MONTEVIDEO, Uruguay (Mennonite Mission Network) — For more than 60 years, John Driver’s ministry has involved teaching about God from the periphery. For one day, during the 13th Anabaptist-Mennonite Congress of the Southern Cone, Driver was central.
During the gathering in Uruguay, participants and organizers released a festschrift – a published tribute of essays and articles about Driver's theology and ministry. Comunidad y misión desde la periferia (Community and mission from the periphery), edited by Milka Rindzinski and Juan Francisco Martínez, includes 14 essays and articles about Driver or the ideas and concepts he embodied. The book, printed in Spanish by Semilla of Guatemala and Ediciones Kairós of Argentina includes reflections on Driver himself and articles about living in radical community, histories of peripheral living, studying the Bible as committed disciples and extending the practice of mission.
All 14 authors are theologians from Latin America or Spain who have studied and learned from Driver.
“God gave the Hispanic world a great gift in the person of John Driver,” Martínez wrote in his preface. “His publications, papers, classes and conferences have challenged an entire generation of people that look to be faithful to the radicalness of the gospel.”
John and Bonny Driver, both 82, have ministered throughout Latin America for 60 years, which began with a Mennonite Central Commitee community development project in Puerto Rico from 1945-1948 and continued with the couple’s long-term presence in five countries through Mennonite Board of Missions, now Mennonite Mission Network, for most of his career. In all, the Drivers spent more than 40 years with MBM based in Puerto Rico, Uruguay, Spain, and Argentina.
While Driver was honored by the festschrift, he said he most appreciates the feedback from his Hispanic brothers and sisters throughout his 60-year ministry.
“This sojourn has largely determined how I read the Bible and history, how I look at the world, how I think, how I feel,” Driver wrote in a recent e-mail.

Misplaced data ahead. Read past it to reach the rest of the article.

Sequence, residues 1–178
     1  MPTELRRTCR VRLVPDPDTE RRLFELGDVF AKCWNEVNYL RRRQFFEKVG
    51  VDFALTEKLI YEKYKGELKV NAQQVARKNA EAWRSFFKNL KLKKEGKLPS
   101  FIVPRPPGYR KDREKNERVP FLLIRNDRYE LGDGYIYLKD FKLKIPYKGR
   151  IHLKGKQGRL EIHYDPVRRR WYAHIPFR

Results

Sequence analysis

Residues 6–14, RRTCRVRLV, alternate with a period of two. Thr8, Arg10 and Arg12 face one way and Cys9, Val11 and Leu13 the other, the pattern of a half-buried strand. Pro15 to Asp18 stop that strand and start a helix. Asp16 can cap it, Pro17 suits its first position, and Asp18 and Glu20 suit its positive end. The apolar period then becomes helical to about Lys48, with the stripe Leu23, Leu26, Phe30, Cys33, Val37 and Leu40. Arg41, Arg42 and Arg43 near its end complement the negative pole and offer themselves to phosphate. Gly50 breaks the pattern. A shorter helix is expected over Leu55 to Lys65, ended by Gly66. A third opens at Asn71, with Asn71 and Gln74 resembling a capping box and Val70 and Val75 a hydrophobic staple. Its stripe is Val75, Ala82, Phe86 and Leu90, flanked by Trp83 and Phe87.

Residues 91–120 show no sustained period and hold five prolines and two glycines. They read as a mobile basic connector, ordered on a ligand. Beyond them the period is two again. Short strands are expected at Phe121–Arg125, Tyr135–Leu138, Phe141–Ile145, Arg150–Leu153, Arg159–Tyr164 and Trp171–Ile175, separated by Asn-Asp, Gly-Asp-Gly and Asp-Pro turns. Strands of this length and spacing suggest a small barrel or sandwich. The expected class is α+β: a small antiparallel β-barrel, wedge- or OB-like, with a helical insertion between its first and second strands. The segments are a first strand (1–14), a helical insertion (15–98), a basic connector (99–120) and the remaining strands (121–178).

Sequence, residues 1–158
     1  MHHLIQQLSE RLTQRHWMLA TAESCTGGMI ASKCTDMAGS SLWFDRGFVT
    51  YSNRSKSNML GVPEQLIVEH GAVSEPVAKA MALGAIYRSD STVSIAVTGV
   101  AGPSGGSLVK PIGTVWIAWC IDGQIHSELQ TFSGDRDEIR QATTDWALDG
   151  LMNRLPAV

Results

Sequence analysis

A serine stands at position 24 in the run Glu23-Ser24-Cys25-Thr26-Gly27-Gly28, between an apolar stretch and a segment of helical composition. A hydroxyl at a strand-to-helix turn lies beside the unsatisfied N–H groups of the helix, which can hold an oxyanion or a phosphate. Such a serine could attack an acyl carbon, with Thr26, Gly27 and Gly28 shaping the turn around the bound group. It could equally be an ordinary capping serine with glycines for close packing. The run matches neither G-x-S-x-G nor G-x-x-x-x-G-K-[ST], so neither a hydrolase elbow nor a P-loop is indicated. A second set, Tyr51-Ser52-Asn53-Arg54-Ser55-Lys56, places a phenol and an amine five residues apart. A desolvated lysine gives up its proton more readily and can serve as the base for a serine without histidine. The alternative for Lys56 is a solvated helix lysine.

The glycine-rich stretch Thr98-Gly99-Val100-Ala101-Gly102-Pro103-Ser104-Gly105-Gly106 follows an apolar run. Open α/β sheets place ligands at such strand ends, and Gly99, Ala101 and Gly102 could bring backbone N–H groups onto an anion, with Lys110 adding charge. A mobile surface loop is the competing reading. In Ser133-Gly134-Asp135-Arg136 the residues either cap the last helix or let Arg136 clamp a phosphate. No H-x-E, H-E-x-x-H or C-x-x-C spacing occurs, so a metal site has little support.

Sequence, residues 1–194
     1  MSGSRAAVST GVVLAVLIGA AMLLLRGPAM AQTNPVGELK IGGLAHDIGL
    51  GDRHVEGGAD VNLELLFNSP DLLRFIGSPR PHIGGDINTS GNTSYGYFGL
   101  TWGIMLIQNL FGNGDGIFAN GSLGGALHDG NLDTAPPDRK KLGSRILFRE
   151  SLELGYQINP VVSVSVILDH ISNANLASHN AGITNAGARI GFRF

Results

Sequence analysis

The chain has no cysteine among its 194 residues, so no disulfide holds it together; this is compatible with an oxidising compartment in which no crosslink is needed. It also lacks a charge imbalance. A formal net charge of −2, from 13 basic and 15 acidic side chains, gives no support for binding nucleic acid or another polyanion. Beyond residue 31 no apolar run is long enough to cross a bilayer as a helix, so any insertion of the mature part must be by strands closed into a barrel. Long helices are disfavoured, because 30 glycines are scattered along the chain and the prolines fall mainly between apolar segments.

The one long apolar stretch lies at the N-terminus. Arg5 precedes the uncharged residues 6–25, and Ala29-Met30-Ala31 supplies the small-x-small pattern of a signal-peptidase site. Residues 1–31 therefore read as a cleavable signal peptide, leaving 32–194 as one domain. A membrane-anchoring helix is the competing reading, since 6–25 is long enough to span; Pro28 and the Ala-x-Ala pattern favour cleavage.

Driver said he learned to view the world from the periphery while living in a markedly poor Puerto Rico community. In a time of violent revolution and repression in Uruguay, he searched tradition and scripture and found a gospel of peace. In Spain, he and Bonny discovered the importance of living in community and a concern for mission within and outside of the church.
Finally, Driver wrote, “Back in Latin America in the midst of violent repression and enormous suffering during the past three decades, I learned that innocent, vicarious suffering can, indeed, be salvific.”
Driver intended to turn his background in chemistry into a career, until the Drivers’ service in the Hispanic world uncovered what they termed a call to mission. The change, Driver said, came without second thoughts.
The festschrift was not the only book featured at the congress. Driver released his new book, Convivencia Radical: Espiritualidad para el siglo 21 (Radical Togetherness: Spirituality for the 21st Century), published by Ediciones Kairós, and edited by Guillermo Font, pastor of the Mennonite church in Trenque Lauquen, Argentina. Driver said the book, printed in Spanish, includes sections on the spirituality of first-century Christians and 16th-century Anabaptists as well as pointers for modern Anabaptists in dialogue with other Christians.
The book began as lectures delivered five years ago in Argentina. Organizers said the lectures Driver offered at the congress could eventually become another volume.
Driver earned degrees from Goshen (Ind.) College, Goshen Biblical Seminary (now Associated Mennonite Biblical Seminary) and Perkins School of Theology. He taught and served as academic dean at the Seminario Evangélico Menonita de Teología in Montevideo, Uruguay. He also taught for Seminario Anabautista Latinoamérica, part of Semilla in Guatemala, Instituto Bíblico de Buenos Aires, Argentina, Seminario Menonita de Colombia in Bogotá and in the Hispanic Ministries department at Goshen College. Driver’s books have been published in Spanish, English, Portuguese, French and Japanese.
He and Bonny have three children. They are active members of East Goshen (Ind.) Mennonite Church.
For more information on the festschrift or Driver’s new book – both in Spanish – visit Kairós online.
Mennonite World Conference contributed to the background of this story.